Frequently asked questions

    What is a Local Area Plan (LAP)?

    An LAP is a framework to guide positive change and strengthen the identity (or “sense of place”), livability, and success of a particular area. It outlines the long-range vision for Ambleside as a whole, provides more detailed regulations and guidelines to shape the form and character of new development, and confirms the local policy response to planning topics like housing, commerce, mobility, sustainability, and public realm.

    What do we mean by “options” for the LAP, can I share my own ideas?

    The options are draft illustrations of how the future of Ambleside could take shape. They are not final, serving as an engagement tool to encourage dialogue and collect community feedback. An approach could combine elements of each, and additional ideas are very welcome to further contribute to the community discussion.

    How does an LAP relate to the Official Community Plan (OCP)?

    An LAP, once adopted, would become a component of the OCP. More specifically, an LAP would create local land use policies and development permit requirements for the area, and outline the District’s expectations for new development (e.g., built-form, design, character, etc.). LAPs provide a significant opportunity to advance neighbourhood-specific responses to District-wide goals, objectives and policies, and are an important OCP implementation tool.

    Are the draft options the final plan?

    No. The draft options are intended to illustrate that there are different ways of considering how Ambleside could evolve, and to place ideas on the table for the community to collaboratively consider and provide feedback on. No single option is prioritized, no particular community response is prejudged, and no outcome of engagement is predetermined.

    What happens with rezoning applications at this time?

    The OCP provides formal policy guidance for Council’s consideration of development proposals, for sites outside and inside the LAP boundaries identified in the OCP. For sites outside of LAP boundaries, and where there is relevant District-ride OCP policy, rezoning applications may be considered by Council. For sites within OCP-identified LAP boundaries, applications may be considered by Council before adoption of a new LAP, in accordance with the following policy:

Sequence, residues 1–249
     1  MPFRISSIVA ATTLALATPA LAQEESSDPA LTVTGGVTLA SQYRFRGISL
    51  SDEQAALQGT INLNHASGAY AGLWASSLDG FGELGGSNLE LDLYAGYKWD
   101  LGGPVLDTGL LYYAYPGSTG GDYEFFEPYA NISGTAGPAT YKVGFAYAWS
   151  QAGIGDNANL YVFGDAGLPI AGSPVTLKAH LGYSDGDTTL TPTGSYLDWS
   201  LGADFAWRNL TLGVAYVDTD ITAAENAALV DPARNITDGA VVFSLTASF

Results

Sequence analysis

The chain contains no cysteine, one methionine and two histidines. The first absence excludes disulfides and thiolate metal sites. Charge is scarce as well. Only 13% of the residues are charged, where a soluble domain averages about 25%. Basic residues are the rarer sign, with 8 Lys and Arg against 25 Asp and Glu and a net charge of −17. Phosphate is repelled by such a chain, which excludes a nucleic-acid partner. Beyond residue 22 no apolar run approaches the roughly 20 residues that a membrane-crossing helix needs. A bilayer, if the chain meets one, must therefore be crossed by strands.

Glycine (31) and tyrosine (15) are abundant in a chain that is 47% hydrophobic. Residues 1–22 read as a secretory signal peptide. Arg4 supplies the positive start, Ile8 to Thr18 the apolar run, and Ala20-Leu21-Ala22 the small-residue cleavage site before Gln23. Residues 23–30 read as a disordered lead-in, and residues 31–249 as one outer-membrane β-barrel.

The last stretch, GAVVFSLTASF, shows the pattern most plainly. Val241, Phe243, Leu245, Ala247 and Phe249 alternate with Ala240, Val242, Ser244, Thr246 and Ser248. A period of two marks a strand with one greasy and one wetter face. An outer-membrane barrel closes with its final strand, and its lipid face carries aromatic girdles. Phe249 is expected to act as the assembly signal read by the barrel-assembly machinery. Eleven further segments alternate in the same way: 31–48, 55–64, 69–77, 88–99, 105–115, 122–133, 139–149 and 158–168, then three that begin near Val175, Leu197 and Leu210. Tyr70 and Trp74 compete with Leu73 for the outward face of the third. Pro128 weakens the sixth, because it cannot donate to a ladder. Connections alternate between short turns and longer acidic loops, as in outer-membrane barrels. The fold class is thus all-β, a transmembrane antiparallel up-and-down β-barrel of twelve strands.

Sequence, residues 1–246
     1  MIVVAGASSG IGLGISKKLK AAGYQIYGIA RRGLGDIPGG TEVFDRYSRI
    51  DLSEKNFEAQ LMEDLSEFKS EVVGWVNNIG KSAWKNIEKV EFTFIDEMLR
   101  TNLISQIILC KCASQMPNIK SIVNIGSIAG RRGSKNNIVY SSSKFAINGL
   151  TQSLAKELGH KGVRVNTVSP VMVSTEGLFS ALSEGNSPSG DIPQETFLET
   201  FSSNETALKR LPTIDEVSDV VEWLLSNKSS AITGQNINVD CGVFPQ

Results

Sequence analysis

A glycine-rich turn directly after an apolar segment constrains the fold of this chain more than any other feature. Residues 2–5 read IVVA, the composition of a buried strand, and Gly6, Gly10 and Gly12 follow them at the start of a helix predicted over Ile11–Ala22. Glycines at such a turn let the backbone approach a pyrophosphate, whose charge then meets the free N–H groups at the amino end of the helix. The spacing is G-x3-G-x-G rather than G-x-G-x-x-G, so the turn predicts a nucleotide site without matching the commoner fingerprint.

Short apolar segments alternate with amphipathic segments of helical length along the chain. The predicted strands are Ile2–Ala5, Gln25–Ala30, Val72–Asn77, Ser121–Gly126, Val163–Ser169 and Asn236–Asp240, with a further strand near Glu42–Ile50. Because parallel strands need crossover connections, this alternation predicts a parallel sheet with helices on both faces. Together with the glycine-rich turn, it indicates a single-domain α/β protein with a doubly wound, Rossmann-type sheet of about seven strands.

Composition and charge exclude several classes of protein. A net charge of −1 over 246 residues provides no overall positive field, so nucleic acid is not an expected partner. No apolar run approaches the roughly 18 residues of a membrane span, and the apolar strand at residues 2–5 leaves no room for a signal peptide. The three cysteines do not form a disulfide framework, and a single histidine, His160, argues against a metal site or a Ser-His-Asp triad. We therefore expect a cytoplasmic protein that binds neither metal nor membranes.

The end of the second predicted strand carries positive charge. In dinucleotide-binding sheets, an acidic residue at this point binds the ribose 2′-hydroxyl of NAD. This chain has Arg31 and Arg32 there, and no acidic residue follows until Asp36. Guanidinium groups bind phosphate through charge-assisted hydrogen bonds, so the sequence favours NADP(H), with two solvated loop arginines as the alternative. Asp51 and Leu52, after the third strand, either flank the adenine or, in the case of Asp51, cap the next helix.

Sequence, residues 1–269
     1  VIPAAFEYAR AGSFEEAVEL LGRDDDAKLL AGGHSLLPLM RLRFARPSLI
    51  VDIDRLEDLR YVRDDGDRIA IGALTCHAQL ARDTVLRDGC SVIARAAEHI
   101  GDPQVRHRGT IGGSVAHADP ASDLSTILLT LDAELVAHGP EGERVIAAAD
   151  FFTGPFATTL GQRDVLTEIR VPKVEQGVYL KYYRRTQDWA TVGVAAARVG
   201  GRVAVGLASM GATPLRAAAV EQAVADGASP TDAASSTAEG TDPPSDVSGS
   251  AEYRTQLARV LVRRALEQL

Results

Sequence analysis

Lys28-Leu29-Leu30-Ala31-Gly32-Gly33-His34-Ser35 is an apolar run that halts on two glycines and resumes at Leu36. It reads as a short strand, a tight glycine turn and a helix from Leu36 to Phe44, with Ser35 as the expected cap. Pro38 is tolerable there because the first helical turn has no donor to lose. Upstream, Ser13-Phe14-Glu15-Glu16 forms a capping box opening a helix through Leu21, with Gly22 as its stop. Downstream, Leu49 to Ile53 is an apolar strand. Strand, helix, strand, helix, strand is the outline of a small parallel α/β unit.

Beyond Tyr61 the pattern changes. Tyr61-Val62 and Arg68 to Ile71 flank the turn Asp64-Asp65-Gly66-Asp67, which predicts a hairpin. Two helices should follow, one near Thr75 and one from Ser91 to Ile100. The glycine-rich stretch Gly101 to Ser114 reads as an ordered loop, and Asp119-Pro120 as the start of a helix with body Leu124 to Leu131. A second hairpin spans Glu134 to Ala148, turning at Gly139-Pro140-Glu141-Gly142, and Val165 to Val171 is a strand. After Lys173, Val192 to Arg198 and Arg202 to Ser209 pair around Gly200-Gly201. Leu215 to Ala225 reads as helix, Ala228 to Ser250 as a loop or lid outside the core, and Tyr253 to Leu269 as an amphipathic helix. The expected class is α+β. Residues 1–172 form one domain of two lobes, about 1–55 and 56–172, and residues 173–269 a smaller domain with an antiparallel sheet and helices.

2.1.15  Prior to the adoption of a local area plan, consider proposals within the local area plan boundary by:

    a.  Applying relevant District-wide policies contained in this plan and any existing area-specific policies and guidelines; and

    b.  Requiring the proposal’s contribution to rental, non-market or supportive housing, or its ability to advance the public interest or provide other community benefits as determined by Council.

    What is happening with the other LAP processes?

    The OCP provides for the development of LAPs for Ambleside, Marine Drive, Horseshoe Bay, and the Taylor Way Corridor. The LAP processes for Horseshoe Bay and Marine Drive have now been completed.

    How can I get involved?

    Staff will be engaging with local stakeholders and the community to gather input on the draft LAP options through in-person and virtual workshops. To find out more, you can subscribe for project email updates in the “stay informed” panel on the right. If you prefer, you can also contact staff at or 604-921-3459.  However you choose to share your ideas, your feedback matters and will be summarized and presented back to Council.

    How do each of the three options respond to existing Official Community Plan (OCP) Policies?

    The OCP—shaped by 100 public meetings, 1,000 completed surveys and submissions and 4,300 instances of engagement—emphasizes Ambleside as the heart of West Vancouver. It defines the LAP boundary to be considered and directs the creation of a plan for 1,000 to 1,200 net new dwellings, both to be confirmed through this process. The options serve as starting points to consider densities, heights and building forms that respond to context and character, as well as varied approaches to meet the OCP directions to prioritize mixed-use and apartment forms in core areas and to transition to surrounding neighbourhoods with ground-oriented multi-family forms.

    How will Ambleside’s character be respected or changed?